Thank you so much for bringing this topic up. It is an important one!

      Reply
  5. Carina

    Hi! Can you add cilantro to this? Thanks!

    Reply
    • admin

      That sounds delicious, but – no, you can’t add cilantro to this recipe. It is set up to follow an approved recipe; one that does not include cilantro – which is a low-acid ingredient. Watch for my “Changing Your Salsa Recipe” post later this week for more on this.
      Renee

      Reply
  6. Patti Beam

    Do you have any issues with the skins? I made tomato jam and I did not like the skins. I can’t see skinning all these cherry tomatoes and just wondered how the skins were in the finished product. By the way the recipe sounds wonderful.

    Reply
    • admin

      Patti, skinning cherry tomatoes would be torture! No, I don’t mind the skins at all. But I do use small cherry tomatoes, or quarter the larger ones. Sadly, this year I don’t have enough cherry tomatoes to make any – and it’s my favorite salsa. Try a small batch and hopefully the skins won’t be a problem. Good luck!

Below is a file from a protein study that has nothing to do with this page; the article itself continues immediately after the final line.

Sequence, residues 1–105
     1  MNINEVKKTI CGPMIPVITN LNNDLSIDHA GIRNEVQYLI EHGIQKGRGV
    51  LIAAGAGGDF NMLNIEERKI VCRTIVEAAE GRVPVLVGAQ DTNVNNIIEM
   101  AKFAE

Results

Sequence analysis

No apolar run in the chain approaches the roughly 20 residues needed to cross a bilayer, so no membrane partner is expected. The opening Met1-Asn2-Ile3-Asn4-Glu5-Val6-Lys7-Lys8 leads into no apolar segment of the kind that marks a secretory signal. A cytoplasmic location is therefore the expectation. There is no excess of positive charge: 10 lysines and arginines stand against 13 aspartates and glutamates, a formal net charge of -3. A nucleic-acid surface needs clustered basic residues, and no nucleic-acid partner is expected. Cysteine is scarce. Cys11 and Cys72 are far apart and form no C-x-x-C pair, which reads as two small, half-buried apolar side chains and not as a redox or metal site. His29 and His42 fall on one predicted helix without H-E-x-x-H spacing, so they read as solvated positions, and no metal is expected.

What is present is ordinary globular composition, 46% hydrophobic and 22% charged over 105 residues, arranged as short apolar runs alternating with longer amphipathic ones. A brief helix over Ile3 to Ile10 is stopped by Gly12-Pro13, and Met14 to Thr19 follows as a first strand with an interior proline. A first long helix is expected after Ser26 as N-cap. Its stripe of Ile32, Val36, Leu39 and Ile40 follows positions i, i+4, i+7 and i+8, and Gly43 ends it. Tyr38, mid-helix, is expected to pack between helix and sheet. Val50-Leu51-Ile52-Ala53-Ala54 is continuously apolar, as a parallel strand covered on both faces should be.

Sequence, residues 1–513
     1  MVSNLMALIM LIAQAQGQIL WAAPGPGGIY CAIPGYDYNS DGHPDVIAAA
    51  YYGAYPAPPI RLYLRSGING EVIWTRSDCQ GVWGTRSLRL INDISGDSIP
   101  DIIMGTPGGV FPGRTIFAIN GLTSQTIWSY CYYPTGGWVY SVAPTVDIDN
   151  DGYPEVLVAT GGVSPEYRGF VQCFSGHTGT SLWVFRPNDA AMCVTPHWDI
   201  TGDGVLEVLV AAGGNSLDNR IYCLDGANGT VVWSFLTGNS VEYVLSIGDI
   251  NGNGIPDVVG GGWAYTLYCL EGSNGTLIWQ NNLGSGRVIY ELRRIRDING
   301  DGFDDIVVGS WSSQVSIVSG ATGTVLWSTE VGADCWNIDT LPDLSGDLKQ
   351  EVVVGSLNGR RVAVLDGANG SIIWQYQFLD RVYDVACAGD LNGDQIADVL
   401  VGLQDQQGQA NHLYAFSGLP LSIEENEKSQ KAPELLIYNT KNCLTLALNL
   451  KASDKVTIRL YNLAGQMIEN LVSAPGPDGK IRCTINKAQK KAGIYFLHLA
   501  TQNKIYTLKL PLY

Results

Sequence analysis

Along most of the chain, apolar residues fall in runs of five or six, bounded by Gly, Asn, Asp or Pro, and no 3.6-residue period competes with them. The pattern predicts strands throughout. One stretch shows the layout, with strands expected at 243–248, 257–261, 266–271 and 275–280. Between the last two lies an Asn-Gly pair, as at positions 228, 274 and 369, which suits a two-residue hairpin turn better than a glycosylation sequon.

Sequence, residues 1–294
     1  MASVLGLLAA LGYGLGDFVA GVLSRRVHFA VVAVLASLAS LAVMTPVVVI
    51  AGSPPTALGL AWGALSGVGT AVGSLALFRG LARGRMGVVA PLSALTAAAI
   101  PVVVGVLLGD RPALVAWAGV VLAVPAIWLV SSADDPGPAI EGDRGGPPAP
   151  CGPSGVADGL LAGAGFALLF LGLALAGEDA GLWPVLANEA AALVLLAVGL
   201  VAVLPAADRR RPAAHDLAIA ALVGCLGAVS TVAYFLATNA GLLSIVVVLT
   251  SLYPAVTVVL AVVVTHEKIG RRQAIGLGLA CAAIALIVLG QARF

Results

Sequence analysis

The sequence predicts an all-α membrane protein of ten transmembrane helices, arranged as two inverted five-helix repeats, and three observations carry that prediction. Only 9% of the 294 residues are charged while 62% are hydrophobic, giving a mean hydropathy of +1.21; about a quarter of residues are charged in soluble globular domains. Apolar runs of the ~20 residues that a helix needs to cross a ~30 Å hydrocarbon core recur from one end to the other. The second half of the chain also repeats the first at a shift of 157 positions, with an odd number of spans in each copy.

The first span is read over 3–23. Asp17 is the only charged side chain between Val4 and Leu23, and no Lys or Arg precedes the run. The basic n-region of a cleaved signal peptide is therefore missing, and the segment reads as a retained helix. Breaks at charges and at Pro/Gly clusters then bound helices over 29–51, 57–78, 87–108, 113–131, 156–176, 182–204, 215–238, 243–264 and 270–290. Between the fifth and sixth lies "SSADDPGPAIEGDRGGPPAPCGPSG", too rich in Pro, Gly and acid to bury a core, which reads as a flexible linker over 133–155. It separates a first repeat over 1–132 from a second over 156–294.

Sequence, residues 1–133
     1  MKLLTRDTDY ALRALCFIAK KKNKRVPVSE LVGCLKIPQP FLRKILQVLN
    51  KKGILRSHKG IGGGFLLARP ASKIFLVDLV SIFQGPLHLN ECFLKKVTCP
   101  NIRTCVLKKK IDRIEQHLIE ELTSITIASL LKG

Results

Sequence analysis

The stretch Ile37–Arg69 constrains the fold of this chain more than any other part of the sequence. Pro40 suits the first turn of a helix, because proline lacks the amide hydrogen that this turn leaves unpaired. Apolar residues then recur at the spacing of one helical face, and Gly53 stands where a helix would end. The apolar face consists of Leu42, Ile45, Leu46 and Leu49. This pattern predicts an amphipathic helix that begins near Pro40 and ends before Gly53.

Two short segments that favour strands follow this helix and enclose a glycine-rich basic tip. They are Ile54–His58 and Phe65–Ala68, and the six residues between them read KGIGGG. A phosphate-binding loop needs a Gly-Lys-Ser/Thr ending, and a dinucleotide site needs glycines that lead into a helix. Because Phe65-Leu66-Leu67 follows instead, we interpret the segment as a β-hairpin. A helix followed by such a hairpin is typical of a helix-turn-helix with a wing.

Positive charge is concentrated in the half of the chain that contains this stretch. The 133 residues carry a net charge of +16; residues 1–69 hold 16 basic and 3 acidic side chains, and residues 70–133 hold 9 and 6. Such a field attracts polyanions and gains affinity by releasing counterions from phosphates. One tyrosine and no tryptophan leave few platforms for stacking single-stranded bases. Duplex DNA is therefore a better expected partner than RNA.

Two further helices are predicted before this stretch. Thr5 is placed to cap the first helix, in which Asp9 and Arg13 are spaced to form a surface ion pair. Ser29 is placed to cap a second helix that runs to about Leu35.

Renee

      Reply
      • WBG

        5 stars
        I’ve pushed some of the tomato skins through a sieve, and left some. They seem not as bothersome when there’s a small amount.

        Reply
  7. Heather graham

    Can I use cherry tomatoes that I have frozen?

    Reply
    • admin

      Heather, you could try. As long as the measurements were taken before they were frozen. The salsa may be a bit thinner but you can always thicken each jar as you open it. Don’t add thickener before canning though. If you try it, let me know how it turns out.

      Reply
      • Maurica

        I have tried your recipe, i think it taste wonderful. The only thing i did different is i blanched then for just a few minutes and took and if you squeeze then while cutting then most of the juice and seed pop out. I had real good luck with it.

        Reply
      • Susie

        Hi there! May I ask why the measurement should be taken before being frozen? I washed a bunch, froze them on sheet pans for a day, then threw them in a gallon freezer bag before thinking to weigh or measure. Am I out of luck?

        Reply
        • admin

          Susie, if the tomatoes are frozen individually then you can just measure them when getting ready to cook. But if they are frozen while all stuck together, they have to thaw before being measured, and that throws the ratio off.